Movement Patterns and Habitat Use by the Western Pond Turtle
he western pond turtle
(Actinemys marmorata) has been
declining throughout its range
due to a number of stressors including:
habitat degradation and loss, spread of
exotic competitors, non-native predators,
and epidemic disease. Our only native
California turtle is currently listed
as a California Species of Special Concern.
Through the use of small radio-telemetry
devices we tracked the seasonal movement
patterns and habitat use of western pond
turtles in freshwater ponds that are
subject to livestock grazing at Clayton
Ranch in eastern Contra Costa County,
California. Preliminary research findings
Clayton Ranch is the site of our study to evaluate the movement
patterns and habitat use of western pond turtles in freshwater ponds
containing submerged and emergent vegetation that are subject to
livestock grazing in eastern Contra Costa County, California (Fig 1).
Annual grasses and forbs dominate the landscape and trees generally
comprise less than 10% of the canopy cover. Introduced annual grasses,
including wild oats (Avena spp.), brome grasses (Bromus spp.), and annual
fescues (Vulpia spp.) are the dominant grass species. The associated
herbaceous cover includes native and nonnative forbs and native
wildflowers. The dominant tree species primarily include blue oak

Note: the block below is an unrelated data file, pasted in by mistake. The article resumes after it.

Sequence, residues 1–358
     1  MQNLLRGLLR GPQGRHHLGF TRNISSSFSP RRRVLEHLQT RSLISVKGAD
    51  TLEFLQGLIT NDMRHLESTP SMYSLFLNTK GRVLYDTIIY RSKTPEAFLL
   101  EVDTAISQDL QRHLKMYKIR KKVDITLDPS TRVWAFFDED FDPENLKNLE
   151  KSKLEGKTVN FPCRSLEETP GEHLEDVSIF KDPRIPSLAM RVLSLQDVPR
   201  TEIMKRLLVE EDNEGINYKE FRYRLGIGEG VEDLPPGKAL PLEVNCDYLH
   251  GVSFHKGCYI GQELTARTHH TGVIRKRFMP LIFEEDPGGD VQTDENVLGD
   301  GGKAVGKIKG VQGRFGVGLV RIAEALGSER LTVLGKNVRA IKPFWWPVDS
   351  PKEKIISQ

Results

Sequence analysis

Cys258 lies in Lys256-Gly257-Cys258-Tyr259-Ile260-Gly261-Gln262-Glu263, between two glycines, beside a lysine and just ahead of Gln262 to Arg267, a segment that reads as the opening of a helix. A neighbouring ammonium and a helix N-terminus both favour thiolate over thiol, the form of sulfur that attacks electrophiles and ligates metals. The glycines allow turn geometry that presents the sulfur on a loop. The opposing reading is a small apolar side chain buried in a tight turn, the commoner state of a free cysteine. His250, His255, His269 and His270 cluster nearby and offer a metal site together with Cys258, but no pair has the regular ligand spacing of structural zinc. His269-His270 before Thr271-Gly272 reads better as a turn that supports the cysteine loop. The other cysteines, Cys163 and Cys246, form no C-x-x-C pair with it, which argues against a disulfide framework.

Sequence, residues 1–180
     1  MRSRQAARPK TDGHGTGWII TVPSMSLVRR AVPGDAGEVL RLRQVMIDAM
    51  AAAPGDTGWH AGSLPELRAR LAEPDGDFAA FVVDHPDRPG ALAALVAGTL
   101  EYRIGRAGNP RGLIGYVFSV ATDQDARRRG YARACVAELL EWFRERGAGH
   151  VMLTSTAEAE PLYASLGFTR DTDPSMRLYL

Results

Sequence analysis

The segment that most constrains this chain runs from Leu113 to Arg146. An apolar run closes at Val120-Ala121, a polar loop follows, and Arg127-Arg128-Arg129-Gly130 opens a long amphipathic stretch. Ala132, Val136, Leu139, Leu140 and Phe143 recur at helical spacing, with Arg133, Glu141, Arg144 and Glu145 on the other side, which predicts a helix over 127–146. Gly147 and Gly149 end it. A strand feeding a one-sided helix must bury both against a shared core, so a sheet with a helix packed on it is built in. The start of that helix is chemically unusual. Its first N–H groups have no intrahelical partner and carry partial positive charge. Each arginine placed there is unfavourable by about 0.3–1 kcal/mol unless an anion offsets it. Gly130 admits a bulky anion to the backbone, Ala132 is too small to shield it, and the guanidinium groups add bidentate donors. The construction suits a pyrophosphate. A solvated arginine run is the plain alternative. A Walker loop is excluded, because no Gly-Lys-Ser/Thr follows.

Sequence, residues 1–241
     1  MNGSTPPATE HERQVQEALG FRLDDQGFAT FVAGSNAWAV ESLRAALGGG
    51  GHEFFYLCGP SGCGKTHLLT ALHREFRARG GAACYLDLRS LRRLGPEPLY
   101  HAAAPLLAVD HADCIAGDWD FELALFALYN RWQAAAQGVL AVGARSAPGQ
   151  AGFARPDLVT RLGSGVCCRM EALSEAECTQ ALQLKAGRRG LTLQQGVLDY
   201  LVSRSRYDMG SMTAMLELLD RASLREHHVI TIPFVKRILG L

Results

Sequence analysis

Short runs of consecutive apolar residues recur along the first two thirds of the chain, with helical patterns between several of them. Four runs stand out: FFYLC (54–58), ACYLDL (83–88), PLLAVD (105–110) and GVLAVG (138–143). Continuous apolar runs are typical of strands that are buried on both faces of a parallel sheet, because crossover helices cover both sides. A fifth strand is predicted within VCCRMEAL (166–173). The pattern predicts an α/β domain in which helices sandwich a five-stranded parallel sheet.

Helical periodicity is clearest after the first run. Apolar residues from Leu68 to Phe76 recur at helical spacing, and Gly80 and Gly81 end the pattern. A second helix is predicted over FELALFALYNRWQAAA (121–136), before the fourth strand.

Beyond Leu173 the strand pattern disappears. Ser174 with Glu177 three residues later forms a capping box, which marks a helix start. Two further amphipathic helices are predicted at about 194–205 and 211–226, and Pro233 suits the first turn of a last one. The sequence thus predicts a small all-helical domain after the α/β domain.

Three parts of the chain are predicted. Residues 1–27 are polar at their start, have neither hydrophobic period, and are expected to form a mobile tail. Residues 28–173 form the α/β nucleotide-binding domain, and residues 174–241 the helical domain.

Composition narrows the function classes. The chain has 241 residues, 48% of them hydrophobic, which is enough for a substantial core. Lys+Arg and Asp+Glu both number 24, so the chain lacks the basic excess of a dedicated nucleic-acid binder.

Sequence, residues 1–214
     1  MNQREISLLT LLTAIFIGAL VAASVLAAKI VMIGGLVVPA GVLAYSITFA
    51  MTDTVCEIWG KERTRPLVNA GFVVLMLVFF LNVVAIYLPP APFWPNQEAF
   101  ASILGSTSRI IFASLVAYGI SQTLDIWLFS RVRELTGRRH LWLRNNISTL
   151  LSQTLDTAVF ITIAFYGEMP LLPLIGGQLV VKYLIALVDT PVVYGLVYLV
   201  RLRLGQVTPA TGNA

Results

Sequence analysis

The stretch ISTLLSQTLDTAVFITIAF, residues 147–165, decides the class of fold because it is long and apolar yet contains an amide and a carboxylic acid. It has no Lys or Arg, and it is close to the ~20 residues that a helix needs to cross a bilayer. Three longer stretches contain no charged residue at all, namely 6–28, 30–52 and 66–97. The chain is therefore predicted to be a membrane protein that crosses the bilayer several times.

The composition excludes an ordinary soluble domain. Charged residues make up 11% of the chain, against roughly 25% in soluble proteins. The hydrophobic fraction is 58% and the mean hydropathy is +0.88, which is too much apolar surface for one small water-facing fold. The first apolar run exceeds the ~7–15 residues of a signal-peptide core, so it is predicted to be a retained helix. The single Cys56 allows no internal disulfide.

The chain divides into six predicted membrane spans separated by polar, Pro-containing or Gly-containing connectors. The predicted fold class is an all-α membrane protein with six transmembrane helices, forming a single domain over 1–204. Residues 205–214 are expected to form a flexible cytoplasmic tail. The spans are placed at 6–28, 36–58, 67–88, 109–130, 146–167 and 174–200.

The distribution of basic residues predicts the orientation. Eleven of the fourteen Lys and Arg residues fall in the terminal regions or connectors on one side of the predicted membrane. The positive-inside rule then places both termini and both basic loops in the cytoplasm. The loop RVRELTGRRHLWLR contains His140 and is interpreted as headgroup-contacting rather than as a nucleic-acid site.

(Quercus douglasii), valley oak (Q. lobata), and scattered interior
live oaks (Q. wislizenii).
This site operated by the East Bay Regional Park District has a robust
turtle population, provides year-round access, and offers opportunities
for public involvement and volunteerism (Fig 2).
Figure 2. V
olunteers observing a young western pond turtle
Figure 3. M
orphological characteristics of adult western
pond turtles: female (left) and a male (right).
will be shared that shows how western
pond turtles use the surrounding landscape
for winter hibernation, nest building, and
as dispersal corridors to other sites. This
type of new, locally obtained information
is critical in maintaining habitat for this
special status species. To our knowledge,
this is the first long-term research effort
Turtles are captured using a variety of techniques (floating hoop
nets, floating sundeck and solarium turtle traps). Upon capture, individuals
are sexed using morphological characters. Males possess a slightly concave
plastron, thicker tail, and a cloaca that extends posterior to the edge
of the carapace. Females generally have a flat plastron, and the cloaca
is anterior to the edge of the plastron (Fig 3). In addition, adult females
have dark flecking on the throat while males tend to have pale throats.
Turtles are weighed with a 1,000 gram Pesola hand scale, and maximum
carapace length and width, shell height and maximum plastron length
measurements are taken with a 200 mm caliper. Turtles are fitted
with ATS R1850 transmitters, each weighing 12 grams (ATS Tracking
Systems, Isanti, MN), with five-minute waterproof gel epoxy. We glued
transmitters to the third pleural scute to avoid interference during mating
(Boarman et al. 1998) and the antenna is left free to prevent snagging on
vegetation. Turtles weighing over 320 grams are fitted with transmitters